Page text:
Science project

TV Commercials and Advertising Psychology Experiment


  • Television with cable channels
  • Pen
  • Paper


  1. You can either draw the outline below on a piece of paper, or create it on your computer to take notes during the experiment. You will need five of these tables.

Day of Week & Time:


Television Program:


# of Commercials:


Products / Services Advertised:



  1. You are going to choose five different television programs to watch. One should be early in the morning (try catching the morning news around 7 am), one during the afternoon (it’s best if you can do this during a weekday around 2 pm, during a soap opera), one during a weekday evening when a popular series drama is showing a new episode (this will likely be around 8 pm), one during a weekend sports game (see if you can record your notes during a big football game on Sunday afternoon), and lastly, one late at night (around 11 pm, maybe during a talk show).
  1. When you sit down to begin your experiment, take note of the television program that’s showing, and the time of day. The program can be half an hour or an hour long.
  1. When the show goes to its first commercial break, you’re on! Make a hash mark for each commercial that runs. Quickly jot down the name of the product or service that is advertised. Repeat to include all of the commercial breaks in the duration of the program.
  1. After you’ve taken notes for all five programs, look at your data with a critical eye. What connections can you make between the day of the week, time of day, the television program, and what commercials were running?


There is a strong correlation between the day of the week, time of day, the television program, and what advertisements are shown. The commercial content matches the potential interests of the audience that’s tuning in for the program.


Companies work hard to advertise their products to the right audience. They don’t want to waste money to advertise to viewers who have a very low likelihood of having any interest in what they want to sell.

Did you find that children’s toys were being advertised during the Sunday football game? Probably not. Were more make-up and hair-care commercials run during the evening series drama? Marketing researchers profile the viewing audience of a program and schedule commercials that will appeal to that audience. Advertising psychology is such a part of our lives that it has its own field of study.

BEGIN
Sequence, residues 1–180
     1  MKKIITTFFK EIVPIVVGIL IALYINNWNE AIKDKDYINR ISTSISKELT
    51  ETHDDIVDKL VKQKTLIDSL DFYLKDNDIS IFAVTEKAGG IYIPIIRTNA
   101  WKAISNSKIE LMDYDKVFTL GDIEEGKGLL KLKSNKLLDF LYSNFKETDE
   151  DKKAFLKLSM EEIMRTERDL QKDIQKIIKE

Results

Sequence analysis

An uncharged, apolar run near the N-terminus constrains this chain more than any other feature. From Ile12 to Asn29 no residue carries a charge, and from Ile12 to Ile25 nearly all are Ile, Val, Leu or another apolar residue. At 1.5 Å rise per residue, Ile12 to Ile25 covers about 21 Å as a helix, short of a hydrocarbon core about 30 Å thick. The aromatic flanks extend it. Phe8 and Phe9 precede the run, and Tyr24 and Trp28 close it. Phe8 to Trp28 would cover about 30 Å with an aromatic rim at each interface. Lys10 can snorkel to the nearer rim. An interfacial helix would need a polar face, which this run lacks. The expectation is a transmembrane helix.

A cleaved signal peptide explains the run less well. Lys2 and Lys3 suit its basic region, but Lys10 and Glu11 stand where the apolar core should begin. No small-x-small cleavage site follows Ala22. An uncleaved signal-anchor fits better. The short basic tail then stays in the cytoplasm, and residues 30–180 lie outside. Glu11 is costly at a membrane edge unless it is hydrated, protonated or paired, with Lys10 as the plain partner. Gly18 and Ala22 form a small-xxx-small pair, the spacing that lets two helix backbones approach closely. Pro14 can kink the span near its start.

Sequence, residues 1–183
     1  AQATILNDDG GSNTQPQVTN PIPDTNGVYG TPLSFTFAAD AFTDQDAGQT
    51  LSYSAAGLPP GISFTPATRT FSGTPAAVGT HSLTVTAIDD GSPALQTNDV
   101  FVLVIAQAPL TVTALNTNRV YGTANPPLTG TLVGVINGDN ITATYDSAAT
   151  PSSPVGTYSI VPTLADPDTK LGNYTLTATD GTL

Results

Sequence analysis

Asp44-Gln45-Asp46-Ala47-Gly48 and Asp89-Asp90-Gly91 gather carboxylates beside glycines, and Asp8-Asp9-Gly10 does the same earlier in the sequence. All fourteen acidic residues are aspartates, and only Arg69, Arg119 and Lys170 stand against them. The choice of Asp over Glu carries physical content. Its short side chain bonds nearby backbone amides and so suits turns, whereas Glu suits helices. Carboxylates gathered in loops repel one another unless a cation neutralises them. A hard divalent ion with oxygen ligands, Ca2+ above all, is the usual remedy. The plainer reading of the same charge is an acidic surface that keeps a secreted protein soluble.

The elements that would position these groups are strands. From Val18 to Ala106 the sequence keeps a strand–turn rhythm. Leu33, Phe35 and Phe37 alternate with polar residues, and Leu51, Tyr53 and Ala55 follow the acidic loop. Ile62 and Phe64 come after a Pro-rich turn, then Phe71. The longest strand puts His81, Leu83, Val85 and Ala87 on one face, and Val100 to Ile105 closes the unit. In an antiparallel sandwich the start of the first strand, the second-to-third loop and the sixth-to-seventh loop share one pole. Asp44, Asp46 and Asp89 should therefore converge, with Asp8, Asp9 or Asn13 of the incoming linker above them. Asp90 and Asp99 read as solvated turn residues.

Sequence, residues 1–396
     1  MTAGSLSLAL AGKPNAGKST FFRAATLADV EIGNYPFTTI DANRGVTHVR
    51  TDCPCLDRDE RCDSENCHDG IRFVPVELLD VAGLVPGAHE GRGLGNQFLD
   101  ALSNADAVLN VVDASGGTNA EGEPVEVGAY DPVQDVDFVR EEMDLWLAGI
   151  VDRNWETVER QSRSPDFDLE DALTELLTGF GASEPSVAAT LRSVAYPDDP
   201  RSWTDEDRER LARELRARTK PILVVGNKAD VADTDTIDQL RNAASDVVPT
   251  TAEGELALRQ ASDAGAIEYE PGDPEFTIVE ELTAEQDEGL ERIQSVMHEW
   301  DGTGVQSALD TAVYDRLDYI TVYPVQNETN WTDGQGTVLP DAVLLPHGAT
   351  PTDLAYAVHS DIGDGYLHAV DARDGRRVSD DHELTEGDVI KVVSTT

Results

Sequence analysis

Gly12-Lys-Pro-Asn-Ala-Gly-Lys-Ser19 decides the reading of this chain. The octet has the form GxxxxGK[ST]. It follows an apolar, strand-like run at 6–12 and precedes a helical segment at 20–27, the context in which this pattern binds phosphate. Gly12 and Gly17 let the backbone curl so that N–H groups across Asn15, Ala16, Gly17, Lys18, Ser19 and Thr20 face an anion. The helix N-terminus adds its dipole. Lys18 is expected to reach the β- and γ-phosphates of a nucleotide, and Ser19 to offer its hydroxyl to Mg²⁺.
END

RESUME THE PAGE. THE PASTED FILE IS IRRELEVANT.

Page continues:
See what other connections you can make.  When you turn a critical eye towards these commercials, you will learn a lot about how the media targets its consumers.

Digging Deeper

After you have identified what products are being sold during these various time slots, you can look at how the commercials are selling the products and think about how companies are trying to attract consumers.

For instance, let’s imagine that we’re watching an evening drama about two attractive detectives in a big city. The network goes to a commercial showing a sleek sports car. A man parks the car, and a beautiful woman in a dress walks up to him and smiles. The logo for the car brand appears. Think about the typical audience that would be watching the drama (children or adults? male or female? etc.), and then apply this to what you see in the commercial. Is the commercial just selling a reliable car, or is there a deeper message? Could it be that the commercial is making promises about a lifestyle that having that car would bring? The more you look, the easier it will be to notice these connections.

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